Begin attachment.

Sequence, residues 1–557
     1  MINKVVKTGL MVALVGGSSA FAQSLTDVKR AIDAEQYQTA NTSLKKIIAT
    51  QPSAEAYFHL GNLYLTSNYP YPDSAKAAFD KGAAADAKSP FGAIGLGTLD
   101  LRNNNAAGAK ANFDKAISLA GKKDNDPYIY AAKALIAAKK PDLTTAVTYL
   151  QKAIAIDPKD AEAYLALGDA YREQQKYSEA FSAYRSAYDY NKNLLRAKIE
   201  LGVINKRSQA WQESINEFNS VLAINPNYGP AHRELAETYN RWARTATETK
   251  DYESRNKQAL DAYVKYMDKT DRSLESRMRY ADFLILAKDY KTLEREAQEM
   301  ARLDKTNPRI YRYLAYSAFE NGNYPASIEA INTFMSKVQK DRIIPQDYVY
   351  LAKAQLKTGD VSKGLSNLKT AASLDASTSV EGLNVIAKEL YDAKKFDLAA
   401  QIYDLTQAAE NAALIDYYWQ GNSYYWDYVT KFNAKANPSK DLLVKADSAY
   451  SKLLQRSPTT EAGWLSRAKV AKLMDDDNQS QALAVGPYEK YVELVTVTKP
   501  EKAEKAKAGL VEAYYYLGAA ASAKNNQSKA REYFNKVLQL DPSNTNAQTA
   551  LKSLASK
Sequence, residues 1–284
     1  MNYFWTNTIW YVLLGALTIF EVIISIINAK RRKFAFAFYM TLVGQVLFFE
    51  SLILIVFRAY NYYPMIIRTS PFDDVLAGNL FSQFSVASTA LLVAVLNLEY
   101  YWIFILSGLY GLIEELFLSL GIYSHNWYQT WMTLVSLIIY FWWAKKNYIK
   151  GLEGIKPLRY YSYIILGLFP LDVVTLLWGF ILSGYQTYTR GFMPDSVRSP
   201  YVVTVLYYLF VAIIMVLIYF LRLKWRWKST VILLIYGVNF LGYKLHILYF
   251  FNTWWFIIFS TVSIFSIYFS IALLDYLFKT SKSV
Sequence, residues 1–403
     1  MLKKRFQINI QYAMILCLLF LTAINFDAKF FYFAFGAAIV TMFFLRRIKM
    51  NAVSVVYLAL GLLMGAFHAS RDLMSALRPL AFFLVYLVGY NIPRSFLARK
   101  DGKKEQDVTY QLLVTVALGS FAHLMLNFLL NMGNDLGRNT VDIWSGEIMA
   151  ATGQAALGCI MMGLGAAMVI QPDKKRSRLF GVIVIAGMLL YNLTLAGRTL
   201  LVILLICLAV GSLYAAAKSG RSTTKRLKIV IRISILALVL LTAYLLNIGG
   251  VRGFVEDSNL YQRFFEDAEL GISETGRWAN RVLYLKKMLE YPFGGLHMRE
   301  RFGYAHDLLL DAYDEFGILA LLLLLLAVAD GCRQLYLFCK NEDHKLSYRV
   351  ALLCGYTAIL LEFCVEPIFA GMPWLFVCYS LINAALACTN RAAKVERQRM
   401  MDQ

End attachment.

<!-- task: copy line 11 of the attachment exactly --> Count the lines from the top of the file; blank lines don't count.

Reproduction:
   451  SKLLQRSPTT EAGWLSRAKV AKLMDDDNQS QALAVGPYEK YVELVTVTKP